Broadcasting updates on social media is certainly not going away, but the past year has brought on a new wave of interacting using social platforms. Location-sharing, live streaming, messaging and even VR have created new ways for people to connect. New technology means more ways to share. More ways to share means more opportunities for brands.
This tech has shifted the potential role social can play for consumers. Instead of being about seeing what others are up to, it enables shared experiences.
Shared Experiences by Location
Snapchat unveiled Snap Map which lets users share their locations with each other. Users can also see Snaps of events taking place at various locations and add their Snaps to location-based Stories. Instagram’s followed suit with the launch of Stories Search, which allows users to see what is going on at particular locations or what people are sharing about various topics. The crowd-sourcing of content by location is being enabled by these platforms.
People who don’t know each other and have never meant are using a combination of location data and content sharing to add to a shared experience taking place at a specific location IRL. People who aren’t there in-person can share in those experiences by seeing what others are doing, saying and sharing.
Shared Experiences through Content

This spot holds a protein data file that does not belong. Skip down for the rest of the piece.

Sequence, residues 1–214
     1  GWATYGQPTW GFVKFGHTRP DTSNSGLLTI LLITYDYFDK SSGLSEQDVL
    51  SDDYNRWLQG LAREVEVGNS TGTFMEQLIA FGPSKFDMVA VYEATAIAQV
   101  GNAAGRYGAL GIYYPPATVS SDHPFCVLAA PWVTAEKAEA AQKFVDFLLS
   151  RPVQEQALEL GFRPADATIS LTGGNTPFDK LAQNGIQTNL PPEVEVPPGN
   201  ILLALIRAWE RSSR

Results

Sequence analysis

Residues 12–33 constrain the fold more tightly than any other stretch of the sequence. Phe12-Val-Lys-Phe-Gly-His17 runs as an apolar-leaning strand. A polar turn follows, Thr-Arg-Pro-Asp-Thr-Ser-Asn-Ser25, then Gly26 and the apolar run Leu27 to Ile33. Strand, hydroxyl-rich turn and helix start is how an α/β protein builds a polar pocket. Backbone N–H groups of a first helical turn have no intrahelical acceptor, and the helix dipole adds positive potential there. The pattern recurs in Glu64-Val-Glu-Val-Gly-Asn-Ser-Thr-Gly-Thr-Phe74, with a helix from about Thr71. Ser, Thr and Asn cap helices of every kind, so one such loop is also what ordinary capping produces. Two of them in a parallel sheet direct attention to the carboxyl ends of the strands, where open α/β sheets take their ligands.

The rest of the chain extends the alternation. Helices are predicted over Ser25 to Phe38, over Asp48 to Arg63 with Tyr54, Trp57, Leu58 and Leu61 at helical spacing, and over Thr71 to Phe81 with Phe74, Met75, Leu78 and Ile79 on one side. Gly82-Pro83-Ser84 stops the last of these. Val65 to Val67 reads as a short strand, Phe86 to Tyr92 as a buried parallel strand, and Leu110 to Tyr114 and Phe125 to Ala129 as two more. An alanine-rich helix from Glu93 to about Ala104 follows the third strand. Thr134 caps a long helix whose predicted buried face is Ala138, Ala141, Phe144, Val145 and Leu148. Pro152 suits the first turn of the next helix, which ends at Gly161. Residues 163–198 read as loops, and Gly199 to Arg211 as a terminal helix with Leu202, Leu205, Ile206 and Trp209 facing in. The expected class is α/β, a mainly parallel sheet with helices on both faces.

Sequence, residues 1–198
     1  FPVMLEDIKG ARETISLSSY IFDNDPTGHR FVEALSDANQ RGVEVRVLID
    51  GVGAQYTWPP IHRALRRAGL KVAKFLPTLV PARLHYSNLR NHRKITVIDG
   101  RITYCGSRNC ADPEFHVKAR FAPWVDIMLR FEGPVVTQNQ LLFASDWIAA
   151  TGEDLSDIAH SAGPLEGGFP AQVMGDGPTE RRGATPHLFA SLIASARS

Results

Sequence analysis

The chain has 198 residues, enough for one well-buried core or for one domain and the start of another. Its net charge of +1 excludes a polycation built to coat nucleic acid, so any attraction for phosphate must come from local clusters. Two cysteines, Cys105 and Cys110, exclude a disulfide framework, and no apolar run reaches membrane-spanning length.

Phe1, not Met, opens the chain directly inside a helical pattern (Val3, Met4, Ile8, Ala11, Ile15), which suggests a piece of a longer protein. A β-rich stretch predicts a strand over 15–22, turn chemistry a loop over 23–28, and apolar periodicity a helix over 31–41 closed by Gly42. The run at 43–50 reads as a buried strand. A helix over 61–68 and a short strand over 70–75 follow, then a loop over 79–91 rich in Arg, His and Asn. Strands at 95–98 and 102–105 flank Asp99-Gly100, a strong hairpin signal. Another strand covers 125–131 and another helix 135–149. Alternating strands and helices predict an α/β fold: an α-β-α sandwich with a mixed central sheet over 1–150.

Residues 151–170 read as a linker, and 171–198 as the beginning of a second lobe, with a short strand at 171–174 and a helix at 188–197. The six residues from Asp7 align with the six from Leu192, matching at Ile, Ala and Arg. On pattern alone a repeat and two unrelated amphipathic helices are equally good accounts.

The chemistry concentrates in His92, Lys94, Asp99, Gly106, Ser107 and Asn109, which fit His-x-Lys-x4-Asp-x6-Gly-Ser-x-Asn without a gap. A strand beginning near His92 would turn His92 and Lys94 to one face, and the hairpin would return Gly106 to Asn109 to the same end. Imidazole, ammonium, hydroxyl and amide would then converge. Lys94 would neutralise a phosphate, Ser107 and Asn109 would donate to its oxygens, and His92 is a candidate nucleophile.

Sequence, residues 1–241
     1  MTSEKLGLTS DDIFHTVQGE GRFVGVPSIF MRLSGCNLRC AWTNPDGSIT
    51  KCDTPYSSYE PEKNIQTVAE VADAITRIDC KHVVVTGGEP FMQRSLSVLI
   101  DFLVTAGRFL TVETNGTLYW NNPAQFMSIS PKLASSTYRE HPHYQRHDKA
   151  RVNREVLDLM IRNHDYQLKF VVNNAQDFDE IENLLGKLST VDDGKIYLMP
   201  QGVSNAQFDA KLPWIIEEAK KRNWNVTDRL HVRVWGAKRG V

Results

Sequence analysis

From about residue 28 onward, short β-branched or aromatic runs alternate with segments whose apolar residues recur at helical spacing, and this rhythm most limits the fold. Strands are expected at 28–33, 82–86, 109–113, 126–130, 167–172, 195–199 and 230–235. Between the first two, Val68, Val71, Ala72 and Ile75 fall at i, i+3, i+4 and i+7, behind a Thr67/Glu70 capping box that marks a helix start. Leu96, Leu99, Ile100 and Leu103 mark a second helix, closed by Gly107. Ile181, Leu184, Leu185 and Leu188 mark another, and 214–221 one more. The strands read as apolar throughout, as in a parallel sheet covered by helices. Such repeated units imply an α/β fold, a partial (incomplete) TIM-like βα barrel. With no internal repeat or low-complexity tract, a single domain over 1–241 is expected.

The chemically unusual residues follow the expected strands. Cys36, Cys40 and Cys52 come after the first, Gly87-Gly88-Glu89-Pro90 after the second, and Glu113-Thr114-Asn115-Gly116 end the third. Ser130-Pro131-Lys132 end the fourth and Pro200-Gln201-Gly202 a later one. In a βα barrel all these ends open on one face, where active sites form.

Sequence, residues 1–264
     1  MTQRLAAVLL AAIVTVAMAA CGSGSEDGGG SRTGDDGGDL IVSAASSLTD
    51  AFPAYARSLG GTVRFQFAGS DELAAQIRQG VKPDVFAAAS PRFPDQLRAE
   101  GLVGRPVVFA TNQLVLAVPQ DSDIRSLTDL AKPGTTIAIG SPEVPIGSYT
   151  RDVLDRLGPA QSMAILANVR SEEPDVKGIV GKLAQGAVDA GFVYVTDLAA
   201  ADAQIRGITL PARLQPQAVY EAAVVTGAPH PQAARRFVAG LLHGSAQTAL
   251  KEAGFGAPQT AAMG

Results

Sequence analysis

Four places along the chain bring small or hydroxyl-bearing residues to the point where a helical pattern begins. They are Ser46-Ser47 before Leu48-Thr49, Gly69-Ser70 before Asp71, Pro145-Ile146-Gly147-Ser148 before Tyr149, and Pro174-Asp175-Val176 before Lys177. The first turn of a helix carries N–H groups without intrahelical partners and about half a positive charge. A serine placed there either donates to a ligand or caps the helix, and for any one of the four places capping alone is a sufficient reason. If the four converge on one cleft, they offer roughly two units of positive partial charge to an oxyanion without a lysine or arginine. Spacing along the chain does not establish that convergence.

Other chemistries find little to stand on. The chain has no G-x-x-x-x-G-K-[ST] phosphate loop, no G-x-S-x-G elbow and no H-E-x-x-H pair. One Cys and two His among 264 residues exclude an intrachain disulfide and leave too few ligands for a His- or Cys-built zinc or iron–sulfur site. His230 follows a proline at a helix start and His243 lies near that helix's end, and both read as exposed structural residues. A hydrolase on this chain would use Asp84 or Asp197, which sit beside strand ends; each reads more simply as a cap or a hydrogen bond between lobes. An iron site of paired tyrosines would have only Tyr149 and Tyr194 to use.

Live video has become almost an expectation across platforms, but the live experience of watching content together isn’t… yet. Tumblr launched an app called Cabana to allow its users to watch videos and group chat with friends. Not to be outdone, YouTube recently made its app Uptime available to all. Uptime lets users watch YouTube videos and converse with friends simultaneously. You don’t have to be in the same room staring at the same screen to share a communal watching experience with others.
Shared Experiences Through Interaction
When it was determined that its lunch in live video streaming had been eaten by Facebook, the team at Meerkat went another direction and launched the app Houseparty, which it calls a “synchronous social network.” Users open the app and immediately start broadcasting to their friends, and up to seven of them can join the stream and essentially hang out. It’s not broadcasting an update. It’s about broadcasting to start a conversation.
Houseparty’s gained traction among teens. In fact, that traction is so serious, Facebook’s launching a competitive product called Bonfire.
This “synchronous” broadcasting isn’t limited to these apps. Facebook’s experimenting by creating shared experiences with friends in VR with its Spaces platform. Spaces allows friends to interact in a virtual reality environment. It’s still early days, but it’s far beyond the broadcasting of updates we see today.
Create Shared Experiences
Marketers too often look at the social space and ask one of two questions: What can we broadcast to social feeds that will be seen? or What can our audience broadcast on our behalf? Neither question is incorrect, but they scratch the surface of where the social web is today. Users are seeking out experiences they can share with each other. Maybe a question to ask is… How can we be a conduit for those shared experiences?